A federal judge has decided to consolidate two lawsuits challenging Wyoming's newly enacted rule, allowing wolves to be shot on sight in most of the state. A third lawsuit challenging the same rule was recently launched and may be consolidated with the other two as well. All three groups argue that the U.S. government should not have transfered authority of wolf management over to the state of Wyoming.
The Wyoming plan allows ongoing sport hunting for wolves outside of Yellowstone, in addition to no protections for wolves in the rest of the state.
The Associated Press reports that as of Dec. 21, Wyoming hunters had killed approximately 39 wolves in the zone just outside of Yellowstone. Another 20 wolves have been killed in other areas of Wyoming.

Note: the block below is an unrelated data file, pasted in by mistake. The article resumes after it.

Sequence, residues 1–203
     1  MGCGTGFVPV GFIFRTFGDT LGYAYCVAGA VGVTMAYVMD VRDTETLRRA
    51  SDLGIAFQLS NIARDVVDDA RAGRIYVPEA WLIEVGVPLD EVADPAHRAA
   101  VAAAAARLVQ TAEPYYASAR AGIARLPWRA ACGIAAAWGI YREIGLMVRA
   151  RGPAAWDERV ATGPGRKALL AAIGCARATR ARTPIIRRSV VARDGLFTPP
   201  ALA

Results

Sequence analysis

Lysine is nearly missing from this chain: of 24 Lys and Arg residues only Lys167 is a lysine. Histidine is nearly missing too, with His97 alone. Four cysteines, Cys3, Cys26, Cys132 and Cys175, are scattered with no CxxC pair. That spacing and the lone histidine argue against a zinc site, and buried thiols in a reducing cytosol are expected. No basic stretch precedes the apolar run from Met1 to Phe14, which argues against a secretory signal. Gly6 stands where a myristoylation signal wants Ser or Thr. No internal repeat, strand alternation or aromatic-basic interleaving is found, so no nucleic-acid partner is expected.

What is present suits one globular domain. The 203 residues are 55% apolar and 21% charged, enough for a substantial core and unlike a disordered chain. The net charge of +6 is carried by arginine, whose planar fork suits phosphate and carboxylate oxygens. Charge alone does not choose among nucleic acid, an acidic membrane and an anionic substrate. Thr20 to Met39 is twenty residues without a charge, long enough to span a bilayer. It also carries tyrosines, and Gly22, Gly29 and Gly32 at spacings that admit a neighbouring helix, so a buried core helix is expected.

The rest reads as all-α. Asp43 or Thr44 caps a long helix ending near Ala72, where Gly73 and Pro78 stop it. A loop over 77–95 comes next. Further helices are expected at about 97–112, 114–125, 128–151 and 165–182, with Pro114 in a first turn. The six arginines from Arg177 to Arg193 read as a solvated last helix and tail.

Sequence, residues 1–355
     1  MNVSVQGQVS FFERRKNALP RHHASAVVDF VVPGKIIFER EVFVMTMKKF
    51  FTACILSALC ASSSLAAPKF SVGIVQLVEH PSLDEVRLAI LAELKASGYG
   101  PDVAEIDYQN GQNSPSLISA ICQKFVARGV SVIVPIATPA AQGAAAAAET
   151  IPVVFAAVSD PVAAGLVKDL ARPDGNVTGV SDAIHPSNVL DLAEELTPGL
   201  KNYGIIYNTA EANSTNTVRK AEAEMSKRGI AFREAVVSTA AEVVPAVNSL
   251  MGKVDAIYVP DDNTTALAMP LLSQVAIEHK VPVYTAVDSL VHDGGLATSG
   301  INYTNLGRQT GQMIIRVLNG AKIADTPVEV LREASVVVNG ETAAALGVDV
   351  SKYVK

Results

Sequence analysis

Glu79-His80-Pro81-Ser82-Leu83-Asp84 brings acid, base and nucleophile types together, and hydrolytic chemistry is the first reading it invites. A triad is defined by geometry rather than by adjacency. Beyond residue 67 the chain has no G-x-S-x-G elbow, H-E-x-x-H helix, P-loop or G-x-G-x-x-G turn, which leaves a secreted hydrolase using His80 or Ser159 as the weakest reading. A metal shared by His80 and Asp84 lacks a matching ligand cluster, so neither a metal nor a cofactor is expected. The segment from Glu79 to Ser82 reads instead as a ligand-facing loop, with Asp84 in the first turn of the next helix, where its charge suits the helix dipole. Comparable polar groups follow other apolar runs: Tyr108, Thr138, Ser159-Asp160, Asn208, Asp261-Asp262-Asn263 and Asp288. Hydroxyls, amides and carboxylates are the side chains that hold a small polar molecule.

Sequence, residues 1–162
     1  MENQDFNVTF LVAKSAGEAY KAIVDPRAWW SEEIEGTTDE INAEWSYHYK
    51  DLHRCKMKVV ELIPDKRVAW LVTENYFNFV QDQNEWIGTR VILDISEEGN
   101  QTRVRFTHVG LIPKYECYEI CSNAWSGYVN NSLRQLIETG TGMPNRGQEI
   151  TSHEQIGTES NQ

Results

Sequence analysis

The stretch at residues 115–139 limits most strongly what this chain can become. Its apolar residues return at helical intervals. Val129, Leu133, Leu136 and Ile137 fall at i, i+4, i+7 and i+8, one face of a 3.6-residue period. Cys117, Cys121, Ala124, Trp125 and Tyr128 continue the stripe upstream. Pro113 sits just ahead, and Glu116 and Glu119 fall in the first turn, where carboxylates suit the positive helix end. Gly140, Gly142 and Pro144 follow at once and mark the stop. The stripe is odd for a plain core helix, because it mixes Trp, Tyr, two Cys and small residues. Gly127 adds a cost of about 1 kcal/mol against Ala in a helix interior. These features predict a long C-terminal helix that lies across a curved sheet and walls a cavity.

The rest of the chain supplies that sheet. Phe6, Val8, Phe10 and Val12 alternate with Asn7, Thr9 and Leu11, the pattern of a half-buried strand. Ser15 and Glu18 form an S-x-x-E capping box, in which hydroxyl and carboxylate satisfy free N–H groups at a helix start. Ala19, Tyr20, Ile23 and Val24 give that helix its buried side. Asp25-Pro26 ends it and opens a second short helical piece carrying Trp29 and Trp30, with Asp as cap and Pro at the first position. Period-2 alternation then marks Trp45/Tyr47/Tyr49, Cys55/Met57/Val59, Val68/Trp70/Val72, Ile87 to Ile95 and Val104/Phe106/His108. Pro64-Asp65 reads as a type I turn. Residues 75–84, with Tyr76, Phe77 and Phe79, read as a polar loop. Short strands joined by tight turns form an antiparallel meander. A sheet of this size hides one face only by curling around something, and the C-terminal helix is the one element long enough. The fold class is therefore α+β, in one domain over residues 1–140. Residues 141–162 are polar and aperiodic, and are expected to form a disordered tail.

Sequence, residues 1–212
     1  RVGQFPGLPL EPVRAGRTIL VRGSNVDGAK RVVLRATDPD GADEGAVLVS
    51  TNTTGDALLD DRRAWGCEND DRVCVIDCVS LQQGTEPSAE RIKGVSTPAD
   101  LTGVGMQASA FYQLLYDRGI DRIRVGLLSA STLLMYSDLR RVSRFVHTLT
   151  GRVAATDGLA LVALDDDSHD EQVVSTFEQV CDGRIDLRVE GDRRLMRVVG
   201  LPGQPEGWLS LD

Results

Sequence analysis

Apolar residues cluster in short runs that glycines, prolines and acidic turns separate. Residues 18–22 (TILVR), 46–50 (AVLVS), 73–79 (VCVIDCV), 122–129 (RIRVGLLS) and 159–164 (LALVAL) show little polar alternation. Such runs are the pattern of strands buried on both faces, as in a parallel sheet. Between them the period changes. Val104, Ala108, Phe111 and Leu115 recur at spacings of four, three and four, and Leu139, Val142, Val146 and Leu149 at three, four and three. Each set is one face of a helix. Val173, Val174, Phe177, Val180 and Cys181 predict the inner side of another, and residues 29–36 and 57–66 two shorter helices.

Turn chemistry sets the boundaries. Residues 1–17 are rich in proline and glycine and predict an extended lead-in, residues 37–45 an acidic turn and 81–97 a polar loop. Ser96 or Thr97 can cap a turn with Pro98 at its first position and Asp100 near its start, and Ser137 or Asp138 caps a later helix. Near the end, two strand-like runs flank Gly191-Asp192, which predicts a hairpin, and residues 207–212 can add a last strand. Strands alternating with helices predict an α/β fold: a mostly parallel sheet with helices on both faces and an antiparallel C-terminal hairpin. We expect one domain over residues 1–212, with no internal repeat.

The U.S. government reintroduced wolves to Yellowstone National Park in the 1990s.
Advocates are calling for a no-shooting zone around Yellowstone and Grand Teton national parks.
Earlier this month, a wolf describe by wildlife advocates as a "rock star," due to her popularity, was found dead outside of Yellowstone National Park, killed by hunters. The female was one of eight wolves, all outfitted with GPS collars that were recently killed outside of the park's perimeter. Data from the collars suggested that the wolves rarely ventured beyond the park and then only for brief periods.